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Celiac Sprue (cont.)

Celiac Sprue Signs and Symptoms

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Gastrointestinal symptoms in children

Because celiac sprue affects the absorption of nutrients essential for growth, children who are affected may have impaired growth and consequently short stature. Other common signs and symptoms include the following:

  • Abdominal pain
  • Vomiting
  • Diarrhea
  • Behavioral disturbances, including depression, irritability, and poor school performance

The onset of the symptoms is usually gradual and coincides with the introduction of cereal into the diet. The symptoms usually diminish in adolescence.

Gastrointestinal symptoms in adults

Celiac sprue usually affects adults in the third to fourth decade of life but sometimes later. The signs and symptoms of celiac sprue are variable and may include the following:

  • Diarrhea
  • Abdominal discomfort
  • Bloating
  • Steatorrhea, or fatty stools (caused by malabsorption of ingested fat)

Malabsorption of ingested fat results in the delivery of excessive dietary fat to the large bowel. The bacteria in the colon feast on the fats and other undigested and unabsorbed nutrients, generating intestinal gas resulting in bloating and flatulence. In addition, other substances are released, causing secretion of fluid into the intestine and hence diarrhea. Fatigue (tiredness) and weakness can result from the loss of electrolytes, such as potassium and magnesium, due to the diarrhea.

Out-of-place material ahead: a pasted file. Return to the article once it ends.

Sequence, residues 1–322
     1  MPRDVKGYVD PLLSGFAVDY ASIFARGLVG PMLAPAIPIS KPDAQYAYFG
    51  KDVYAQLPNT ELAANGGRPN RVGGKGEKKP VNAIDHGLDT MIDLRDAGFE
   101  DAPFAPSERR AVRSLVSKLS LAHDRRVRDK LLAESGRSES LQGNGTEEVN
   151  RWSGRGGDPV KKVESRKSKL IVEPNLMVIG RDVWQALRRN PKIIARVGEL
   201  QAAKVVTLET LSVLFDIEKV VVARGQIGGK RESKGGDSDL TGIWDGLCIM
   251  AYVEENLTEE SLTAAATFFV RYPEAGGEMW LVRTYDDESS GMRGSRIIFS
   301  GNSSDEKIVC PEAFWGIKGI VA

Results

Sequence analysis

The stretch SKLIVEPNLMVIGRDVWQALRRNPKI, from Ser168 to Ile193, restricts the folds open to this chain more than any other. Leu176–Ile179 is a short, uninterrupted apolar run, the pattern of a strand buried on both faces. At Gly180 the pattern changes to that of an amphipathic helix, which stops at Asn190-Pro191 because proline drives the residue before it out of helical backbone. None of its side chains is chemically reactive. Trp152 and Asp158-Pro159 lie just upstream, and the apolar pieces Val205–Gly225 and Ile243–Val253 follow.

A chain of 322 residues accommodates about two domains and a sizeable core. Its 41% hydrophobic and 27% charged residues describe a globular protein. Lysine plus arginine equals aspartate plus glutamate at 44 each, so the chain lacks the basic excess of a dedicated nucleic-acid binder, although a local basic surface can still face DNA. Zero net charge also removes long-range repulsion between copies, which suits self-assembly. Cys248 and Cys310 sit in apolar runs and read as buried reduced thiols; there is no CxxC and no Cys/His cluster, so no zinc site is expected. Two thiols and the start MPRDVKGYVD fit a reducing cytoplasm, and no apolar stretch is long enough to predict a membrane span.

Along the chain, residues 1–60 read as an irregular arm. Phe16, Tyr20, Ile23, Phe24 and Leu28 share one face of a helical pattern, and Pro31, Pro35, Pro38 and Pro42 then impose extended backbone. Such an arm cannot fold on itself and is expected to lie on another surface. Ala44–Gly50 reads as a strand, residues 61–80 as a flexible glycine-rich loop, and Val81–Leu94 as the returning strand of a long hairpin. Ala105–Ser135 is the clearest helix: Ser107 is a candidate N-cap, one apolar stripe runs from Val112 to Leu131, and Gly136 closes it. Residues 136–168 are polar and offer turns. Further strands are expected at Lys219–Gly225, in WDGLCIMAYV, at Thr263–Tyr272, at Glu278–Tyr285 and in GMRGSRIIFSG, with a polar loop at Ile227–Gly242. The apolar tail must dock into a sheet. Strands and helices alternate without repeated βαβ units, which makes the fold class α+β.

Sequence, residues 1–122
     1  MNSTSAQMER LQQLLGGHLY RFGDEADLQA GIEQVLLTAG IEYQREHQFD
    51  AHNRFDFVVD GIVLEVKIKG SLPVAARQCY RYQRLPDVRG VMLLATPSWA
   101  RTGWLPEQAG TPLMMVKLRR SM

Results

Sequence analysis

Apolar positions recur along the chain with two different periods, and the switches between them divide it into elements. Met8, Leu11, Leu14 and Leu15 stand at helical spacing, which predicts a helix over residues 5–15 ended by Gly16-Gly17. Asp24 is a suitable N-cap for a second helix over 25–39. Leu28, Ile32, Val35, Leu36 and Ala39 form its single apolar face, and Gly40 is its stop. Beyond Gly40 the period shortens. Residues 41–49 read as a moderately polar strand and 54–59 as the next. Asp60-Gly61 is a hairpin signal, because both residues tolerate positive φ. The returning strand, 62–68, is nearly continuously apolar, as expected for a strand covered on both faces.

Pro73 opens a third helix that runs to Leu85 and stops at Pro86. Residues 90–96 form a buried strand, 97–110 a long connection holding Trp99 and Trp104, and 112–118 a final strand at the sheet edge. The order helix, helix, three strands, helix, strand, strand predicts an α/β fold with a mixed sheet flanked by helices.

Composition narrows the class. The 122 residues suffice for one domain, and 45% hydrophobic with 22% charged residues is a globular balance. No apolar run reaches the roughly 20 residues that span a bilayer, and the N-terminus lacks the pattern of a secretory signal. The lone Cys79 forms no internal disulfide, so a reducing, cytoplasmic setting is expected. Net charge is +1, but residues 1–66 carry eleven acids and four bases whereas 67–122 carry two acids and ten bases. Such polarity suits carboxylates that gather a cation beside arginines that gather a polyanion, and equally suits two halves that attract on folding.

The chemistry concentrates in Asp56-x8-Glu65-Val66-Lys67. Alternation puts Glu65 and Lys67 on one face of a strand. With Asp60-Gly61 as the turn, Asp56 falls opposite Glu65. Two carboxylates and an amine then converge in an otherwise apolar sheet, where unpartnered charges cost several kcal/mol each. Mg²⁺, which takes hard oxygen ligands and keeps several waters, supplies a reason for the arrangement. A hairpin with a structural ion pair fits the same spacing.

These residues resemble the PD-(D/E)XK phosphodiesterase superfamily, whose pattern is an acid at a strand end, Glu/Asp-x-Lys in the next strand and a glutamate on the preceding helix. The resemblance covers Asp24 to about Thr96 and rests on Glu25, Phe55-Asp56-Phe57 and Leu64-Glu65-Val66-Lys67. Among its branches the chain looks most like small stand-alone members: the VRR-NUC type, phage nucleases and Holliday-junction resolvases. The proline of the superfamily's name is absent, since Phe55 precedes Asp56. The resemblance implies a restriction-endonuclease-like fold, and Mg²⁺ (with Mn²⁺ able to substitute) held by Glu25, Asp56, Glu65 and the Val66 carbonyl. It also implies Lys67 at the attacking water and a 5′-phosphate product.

Nutrient and vitamin deficiencies

Iron and folic acid are essential for the production of normal red blood cells (erythrocytes). Abnormalities in the absorption of iron or folic acid may result in anemia (low red blood cell count). Vitamin B-12 deficiencies can also contribute to the anemia noticed in affected persons with a mechanism similar to that of iron and folic acid deficiencies.

Vitamin deficiencies may develop when malabsorption is present. Vitamins soluble in fat are commonly malabsorbed. These include vitamins K and D.

  • Vitamin K is essential for the production of clotting proteins. As a result, vitamin K deficiency causes a bleeding tendency among persons with celiac sprue.
  • Vitamin D is essential for the absorption of calcium, which is required for appropriate bone growth. As a result, vitamin D deficiency may cause low blood calcium levels (hypocalcemia). This predisposes children with celiac sprue to bone disorders such as rickets. Adults with celiac sprue have decreased calcium in the bones, a condition referred to as osteomalacia, and may develop fractures. Loss of protein and calcium may lead to osteoporosis.

Nongastrointestinal (extraintestinal) features

Skin disorders can complicate the course of the celiac sprue. These conditions include dermatitis herpetiformis, an itchy skin condition characterized by a rash or blisters involving the extremities, the trunk, the buttocks, the scalp, and the neck.

Neurologic (nervous system) symptoms include weakness, problems with balance, and sensory changes (for example, sensation of touch and pain).

Hormonal disorders, such as loss of menstruation (amenorrhea) and infertility in women, and impotence and infertility in men, are very uncommon.

Medically Reviewed by a Doctor on 7/21/2014
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Read What Your Physician is Reading on Medscape

Celiac Sprue »

Celiac sprue, also known as celiac disease or gluten-sensitive enteropathy, is a chronic disease of the digestive tract that interferes with the digestion and absorption of food nutrients.

Read More on Medscape Reference »


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